Monthly Archives: January 2011

صحبت شایسته

آیا از شنیدن برخی‌ سخنان خشن، بیمعنی، غیر ضروری، منفی‌، و قدرتمدارنه خسته نمیشویم؟ آیا از شوخی‌ برخی‌ دوستان که کلمات خشن، کوچک کننده، تهدید آمیز را در مکالمه روزمره خود بکار میبرند خسته نشده اید؟ البته که این تعارض در حرف زدن و استفاده از کلمات خشن به گونه‌ای با کلام روز مره ما آمیخته شده. میپرسید کدامین جوکهاو کدامین شوخی‌ ها اینچنین هستند؟ البته که فرهنگ شوخی‌ کردن ما ایرانیان بسیار پیچیده و سنگین است و نوع شوخی‌‌ها میتواند از جمله طبقاتی، سیاسی، اجتماعی، فردی، خانوادگی، جسمی‌، روحی، و یا قومی - ملیتی باشد. ولی‌ از همه مهمتر اینکه مضامین شوخی‌‌های ما ربط به کشتن، خوردن دیگری ، تکه کردن دیگری، از بین بردن دیگری، از کار انداختن دیگری، آبروی دیگری را بردن و یا بسیاری دیگر ازمواردی که با جان، ناموس، حیثیت، و مقام دیگری ارتباط پیدا می‌کند. واقعا چرا ما این قدر خشن و بی‌ احساس شده ایم، حتی در قالب شوخی‌؟ چطور است که چند تا از عبارات مورد استفاده هر روزی برخی‌ از ما را که در قالب جوک و به منظور نشان دادن نزدیکی‌ خود با دیگری ر ا خاطر نشان شویم. در واقعاً این گونه صحبت کردن

در دنیای آرام غرب به عنوان تهدید و ترور فردی یاد میشود . برای نمونه، جمله یا عبارت تهدید آمیز: “میکشمت،تکه تکه ت می‌کنم، همین جا میدم سرت را ببرن،و یا بسیاری دیگر از اینگونه صحبت‌هایی‌ که نامردان زور، قتل، جرم، و جنایت به ما یاد داده‌اند و ما به راحتی‌ این سخنان را در نه تنها داخل فرهنگ روزمره کرده ایم بلکه نشانه محبت و نزدیکی‌ به فرد مخاطب میدانیم

گاهی‌ قسم‌های جانی، ناموسی در حد کفن کردن دیگری و یا سر خاک دیگری رفتن؛ چگونه است که درستی کار خود را با کفن کردن دیگری میتونیم اثبات کنیم؟ آیا واقعا حد و مرز صحبت کردن و ارتباط برقرار کردن را با دیگری گم نکرده ایم. چه نیازی داریم که اینگونه صحبت کنیم؟

در کمال تاسف،گوینده این کلمات هولناک و جملات سنگین هرگز مسئولیتی در قبال پخش کردن و اشاعه دادن این جوک‌های بیمزه را را حس نمیکند چرا که ما به عنوان شنونده اعتراضی نمی‌کنیم. این صحبت‌ها را می‌شنویم و حالمان بد میشود بدون اینکه به گوینده متذکر شویم که این گونه سخن گفتن در مرام ما و شایسته نام انسان و کسی‌ که زندگی‌ را ارزش می‌گذرد نیست

البته که فرهنگ قربانی کردن دیگری مثل همان قربانی کردن گوسفند برای رضای خداوند، در فکر و روح و روان ما ریشه دوانده، ولی‌ آیا ما انتخاب می‌کنیم که اینچنین از ذات فرهنگی‌ خود که پاکی‌، درستی‌، نیکی‌ در سخن، کردار، رفتار، گفتار را شامل میشود، دور شویم؟ اطمینان دارم که همه ما مایل هستیم که از ذات فرهنگی‌ خود دفاع کنیم و آن را نگهبان باشیم. ما با دیگری میتونیم نزدیک تر و مهربان تر باشیم وقتی‌ که از شوخی‌‌های سالم با کلام مثبت و امیدوار کننده، استفاده کنیم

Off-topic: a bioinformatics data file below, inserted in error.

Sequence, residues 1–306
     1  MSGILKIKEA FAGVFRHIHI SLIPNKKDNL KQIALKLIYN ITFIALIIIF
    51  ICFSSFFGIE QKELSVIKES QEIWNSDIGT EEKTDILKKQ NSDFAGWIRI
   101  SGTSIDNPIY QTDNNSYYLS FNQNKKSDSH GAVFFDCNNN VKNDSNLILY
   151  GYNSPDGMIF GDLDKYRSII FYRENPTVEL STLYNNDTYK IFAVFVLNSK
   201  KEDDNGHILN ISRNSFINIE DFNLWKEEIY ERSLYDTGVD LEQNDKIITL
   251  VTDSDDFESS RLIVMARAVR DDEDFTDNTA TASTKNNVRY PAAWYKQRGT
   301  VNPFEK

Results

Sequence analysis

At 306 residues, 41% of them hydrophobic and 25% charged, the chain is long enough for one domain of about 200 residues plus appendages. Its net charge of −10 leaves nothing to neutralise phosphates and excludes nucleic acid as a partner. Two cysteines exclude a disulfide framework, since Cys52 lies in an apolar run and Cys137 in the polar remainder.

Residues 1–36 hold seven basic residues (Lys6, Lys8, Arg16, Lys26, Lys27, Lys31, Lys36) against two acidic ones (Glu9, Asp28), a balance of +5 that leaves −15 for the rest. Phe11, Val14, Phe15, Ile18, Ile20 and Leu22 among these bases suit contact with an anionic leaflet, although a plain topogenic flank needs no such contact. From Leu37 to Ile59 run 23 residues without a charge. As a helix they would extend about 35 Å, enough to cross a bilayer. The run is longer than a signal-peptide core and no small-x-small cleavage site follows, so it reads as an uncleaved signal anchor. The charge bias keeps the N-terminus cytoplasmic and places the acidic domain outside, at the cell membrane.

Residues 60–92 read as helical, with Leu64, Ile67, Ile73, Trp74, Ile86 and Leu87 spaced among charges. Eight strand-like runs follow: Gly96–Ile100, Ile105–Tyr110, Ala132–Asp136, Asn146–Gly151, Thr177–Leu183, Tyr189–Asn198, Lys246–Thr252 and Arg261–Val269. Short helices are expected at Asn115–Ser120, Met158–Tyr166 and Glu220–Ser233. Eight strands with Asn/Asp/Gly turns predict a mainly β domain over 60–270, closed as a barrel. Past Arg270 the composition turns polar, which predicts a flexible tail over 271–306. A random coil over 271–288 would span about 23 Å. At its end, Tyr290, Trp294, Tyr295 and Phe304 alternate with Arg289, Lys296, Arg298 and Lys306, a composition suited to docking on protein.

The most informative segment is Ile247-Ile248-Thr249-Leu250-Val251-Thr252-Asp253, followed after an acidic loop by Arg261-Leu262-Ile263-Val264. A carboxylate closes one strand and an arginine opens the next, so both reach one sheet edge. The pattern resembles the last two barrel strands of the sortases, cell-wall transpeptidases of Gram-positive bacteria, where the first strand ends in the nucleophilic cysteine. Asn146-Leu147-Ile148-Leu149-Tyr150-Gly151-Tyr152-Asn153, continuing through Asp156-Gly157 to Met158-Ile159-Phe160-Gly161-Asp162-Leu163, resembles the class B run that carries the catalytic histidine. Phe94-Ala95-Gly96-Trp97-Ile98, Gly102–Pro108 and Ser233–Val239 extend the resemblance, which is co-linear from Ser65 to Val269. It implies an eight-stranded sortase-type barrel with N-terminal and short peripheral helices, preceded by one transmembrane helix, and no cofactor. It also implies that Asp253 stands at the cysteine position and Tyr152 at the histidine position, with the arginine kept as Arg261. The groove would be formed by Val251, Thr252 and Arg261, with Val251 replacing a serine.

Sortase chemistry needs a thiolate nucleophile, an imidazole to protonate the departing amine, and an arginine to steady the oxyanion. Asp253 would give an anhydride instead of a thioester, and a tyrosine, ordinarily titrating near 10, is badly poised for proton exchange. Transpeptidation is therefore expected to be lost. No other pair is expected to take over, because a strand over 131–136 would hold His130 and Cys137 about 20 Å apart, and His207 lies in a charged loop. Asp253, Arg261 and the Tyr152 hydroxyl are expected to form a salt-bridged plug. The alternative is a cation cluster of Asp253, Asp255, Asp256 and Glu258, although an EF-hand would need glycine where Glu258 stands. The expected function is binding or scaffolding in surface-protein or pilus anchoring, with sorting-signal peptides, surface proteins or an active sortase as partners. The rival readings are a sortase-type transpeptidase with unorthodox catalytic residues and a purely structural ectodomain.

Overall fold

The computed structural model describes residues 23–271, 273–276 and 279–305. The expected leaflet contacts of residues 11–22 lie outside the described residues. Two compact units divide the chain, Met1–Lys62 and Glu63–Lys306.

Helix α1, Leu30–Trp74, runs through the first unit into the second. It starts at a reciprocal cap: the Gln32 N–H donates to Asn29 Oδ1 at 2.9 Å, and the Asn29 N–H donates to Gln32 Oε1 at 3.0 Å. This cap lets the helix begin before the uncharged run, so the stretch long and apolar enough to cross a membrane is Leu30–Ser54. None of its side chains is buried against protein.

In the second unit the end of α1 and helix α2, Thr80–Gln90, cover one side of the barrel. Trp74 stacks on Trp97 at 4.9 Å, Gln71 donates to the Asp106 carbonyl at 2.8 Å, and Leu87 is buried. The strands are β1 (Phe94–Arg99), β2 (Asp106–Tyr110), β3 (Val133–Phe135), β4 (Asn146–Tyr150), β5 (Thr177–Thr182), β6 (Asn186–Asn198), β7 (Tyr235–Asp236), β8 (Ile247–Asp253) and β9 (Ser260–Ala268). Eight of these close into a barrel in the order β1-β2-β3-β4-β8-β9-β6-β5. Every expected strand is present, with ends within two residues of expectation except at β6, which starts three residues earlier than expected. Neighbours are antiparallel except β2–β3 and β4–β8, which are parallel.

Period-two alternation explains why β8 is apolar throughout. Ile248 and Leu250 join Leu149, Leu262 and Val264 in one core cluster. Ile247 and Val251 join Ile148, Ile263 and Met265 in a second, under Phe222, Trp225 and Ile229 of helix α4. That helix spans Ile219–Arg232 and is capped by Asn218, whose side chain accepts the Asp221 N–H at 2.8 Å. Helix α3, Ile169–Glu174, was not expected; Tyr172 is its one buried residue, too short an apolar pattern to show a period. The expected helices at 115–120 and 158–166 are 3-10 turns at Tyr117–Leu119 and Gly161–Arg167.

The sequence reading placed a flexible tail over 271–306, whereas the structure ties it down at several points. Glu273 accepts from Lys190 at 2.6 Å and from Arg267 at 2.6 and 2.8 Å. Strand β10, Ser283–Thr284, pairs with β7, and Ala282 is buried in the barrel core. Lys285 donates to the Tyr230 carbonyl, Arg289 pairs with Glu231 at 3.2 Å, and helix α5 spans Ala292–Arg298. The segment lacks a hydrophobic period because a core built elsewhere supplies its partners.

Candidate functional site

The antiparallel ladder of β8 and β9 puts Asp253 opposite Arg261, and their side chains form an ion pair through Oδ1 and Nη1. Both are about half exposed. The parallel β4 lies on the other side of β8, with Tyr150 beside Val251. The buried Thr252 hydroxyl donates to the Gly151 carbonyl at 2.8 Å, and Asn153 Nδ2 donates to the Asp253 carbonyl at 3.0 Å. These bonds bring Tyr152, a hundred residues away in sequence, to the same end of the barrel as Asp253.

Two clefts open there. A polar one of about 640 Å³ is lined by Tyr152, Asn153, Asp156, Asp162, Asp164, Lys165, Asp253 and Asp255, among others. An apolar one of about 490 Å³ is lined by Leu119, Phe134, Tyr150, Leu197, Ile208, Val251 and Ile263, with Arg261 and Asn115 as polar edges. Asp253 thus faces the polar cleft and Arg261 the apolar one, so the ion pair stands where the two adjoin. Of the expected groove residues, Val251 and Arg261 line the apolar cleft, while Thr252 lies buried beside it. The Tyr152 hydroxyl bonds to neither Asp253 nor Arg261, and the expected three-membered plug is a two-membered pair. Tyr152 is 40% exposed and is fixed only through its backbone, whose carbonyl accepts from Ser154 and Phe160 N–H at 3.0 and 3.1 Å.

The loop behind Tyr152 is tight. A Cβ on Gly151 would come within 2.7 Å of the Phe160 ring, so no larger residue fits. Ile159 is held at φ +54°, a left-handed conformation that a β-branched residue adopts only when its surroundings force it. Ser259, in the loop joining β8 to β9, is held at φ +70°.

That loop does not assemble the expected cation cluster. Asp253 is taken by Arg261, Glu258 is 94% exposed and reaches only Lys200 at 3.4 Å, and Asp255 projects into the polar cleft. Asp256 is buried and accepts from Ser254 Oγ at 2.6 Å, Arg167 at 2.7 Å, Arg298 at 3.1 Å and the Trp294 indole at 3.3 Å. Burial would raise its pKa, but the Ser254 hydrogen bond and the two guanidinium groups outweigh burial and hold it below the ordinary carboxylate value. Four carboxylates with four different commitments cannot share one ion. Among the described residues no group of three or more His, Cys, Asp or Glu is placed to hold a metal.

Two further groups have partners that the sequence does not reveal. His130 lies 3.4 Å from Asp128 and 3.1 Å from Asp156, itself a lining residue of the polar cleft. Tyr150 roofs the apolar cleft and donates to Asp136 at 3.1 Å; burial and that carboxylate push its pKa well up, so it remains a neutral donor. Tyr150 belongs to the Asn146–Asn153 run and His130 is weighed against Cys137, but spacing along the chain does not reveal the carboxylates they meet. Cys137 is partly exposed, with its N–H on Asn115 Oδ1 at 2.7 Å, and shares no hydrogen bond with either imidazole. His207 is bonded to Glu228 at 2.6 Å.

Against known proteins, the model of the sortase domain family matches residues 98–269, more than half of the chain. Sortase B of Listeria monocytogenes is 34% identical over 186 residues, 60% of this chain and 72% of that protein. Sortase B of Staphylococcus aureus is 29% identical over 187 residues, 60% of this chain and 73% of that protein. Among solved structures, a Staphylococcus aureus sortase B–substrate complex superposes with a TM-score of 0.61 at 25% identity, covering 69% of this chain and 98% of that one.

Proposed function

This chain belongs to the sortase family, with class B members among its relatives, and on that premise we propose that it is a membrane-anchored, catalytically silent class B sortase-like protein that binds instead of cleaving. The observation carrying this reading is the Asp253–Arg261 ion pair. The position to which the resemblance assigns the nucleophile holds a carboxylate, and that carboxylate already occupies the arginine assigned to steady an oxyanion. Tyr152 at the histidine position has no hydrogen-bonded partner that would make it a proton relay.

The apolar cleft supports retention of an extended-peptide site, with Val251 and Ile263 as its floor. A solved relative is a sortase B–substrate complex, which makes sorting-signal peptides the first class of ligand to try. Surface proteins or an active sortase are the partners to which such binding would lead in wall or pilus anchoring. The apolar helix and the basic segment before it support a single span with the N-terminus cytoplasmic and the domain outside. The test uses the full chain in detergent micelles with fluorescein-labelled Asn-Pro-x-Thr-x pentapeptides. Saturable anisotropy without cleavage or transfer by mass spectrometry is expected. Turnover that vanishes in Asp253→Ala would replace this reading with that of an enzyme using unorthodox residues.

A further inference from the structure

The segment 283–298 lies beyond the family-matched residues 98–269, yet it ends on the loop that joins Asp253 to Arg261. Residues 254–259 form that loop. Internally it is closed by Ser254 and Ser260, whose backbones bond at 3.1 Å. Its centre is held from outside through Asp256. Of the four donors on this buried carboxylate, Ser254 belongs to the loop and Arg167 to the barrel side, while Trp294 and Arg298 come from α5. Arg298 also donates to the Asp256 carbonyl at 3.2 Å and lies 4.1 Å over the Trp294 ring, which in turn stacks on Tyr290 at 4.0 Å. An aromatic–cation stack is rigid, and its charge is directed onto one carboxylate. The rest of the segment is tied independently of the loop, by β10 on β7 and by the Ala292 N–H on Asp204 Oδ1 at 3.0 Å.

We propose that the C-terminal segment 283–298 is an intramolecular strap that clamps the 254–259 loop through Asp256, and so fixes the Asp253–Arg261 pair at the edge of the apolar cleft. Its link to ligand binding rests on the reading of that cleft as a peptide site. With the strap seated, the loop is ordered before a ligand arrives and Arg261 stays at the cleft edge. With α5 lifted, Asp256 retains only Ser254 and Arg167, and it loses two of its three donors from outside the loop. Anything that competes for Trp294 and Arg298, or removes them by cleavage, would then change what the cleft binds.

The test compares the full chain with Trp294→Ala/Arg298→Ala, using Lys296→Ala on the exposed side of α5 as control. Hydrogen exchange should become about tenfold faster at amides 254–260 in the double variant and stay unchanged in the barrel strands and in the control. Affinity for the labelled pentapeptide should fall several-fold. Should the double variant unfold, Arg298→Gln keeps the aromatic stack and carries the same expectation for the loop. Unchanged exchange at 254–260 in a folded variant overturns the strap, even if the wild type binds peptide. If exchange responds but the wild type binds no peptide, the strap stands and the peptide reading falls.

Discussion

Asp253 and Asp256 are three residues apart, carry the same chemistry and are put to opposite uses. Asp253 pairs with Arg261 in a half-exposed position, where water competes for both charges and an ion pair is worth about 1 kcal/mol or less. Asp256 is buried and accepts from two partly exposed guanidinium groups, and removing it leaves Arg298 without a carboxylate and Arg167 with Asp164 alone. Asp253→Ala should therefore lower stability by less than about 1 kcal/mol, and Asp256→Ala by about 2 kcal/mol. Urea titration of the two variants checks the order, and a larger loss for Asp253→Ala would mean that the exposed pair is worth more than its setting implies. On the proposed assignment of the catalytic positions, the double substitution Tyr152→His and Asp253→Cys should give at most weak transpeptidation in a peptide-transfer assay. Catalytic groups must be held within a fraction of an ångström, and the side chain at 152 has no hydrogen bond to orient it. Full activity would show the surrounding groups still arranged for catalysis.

شاد باشید

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A Mother with Broken Heart

Years ago back in 1990.s I met this Iranian woman who was living with enormous emotional pain.

I was working as a Social Worker in a Government Social Assistance office. Upon my own interest, most Iranian clients would be refereed to me, not only due to the client’s language barriers but also due to the cultural challenges in which most of what clients said would be lost in translation.

Since the first moment I met this lady, I saw a deep sorrow in her kind eyes. She seemed to be simple, quite, tired, elegant yet chronically hopeless. She had come to apply for some financial assistance that most low income families had the right to ask for.

This lady presented herself with few words. She made it clear that although she was in need of social assistance still she was not a “beggar”.

She briefly explained that her small amount of social pension she had, was not enough for her expenses. She would manage her finances somehow magically every month, however this month she was behind her electricity and phone bills. She feared the most. Her tone of voice was low, toneless, and joyless. She showed me all her documents that showed her phone bills were really high. I enquired about her usual habit of keeping her low economy together and she kindly explained the ways in which she managed everything. Basically she would buy cheap food to manage her low budget. About family members she told me that her three daughters were all grown up and they lived with their families elsewhere. She lived all by herself as a new immigrant while not speaking the language. She was about 60 years old then.

Through her broken sentences I learned that her husband had died a couple of years ago. She manage to come to Sweden after her daughters had their refugee status and permanent residents accepted. After some small talk, we did take care of her application and the process in which she needed to get help.

She told me that I was the first Iranian she had spoken to in a long time. I was stunned to hear that, since there were many of us in that city, so how come she was that isolated? After that visit, this lady called me another day to tell me how much she felt good to talk in her own language with me and she asked me to go see her if I could. As making home visits were part of my job, I agreed to visit her in the coming week. That day, we were quite busy in our office and I was in a mood to cancel that home visit, yet I had a feeling that I have to go. I managed to get out of the office in that cold winter day and in no time I was in front of her simple apartment in a neighbourhood most immigrants lived.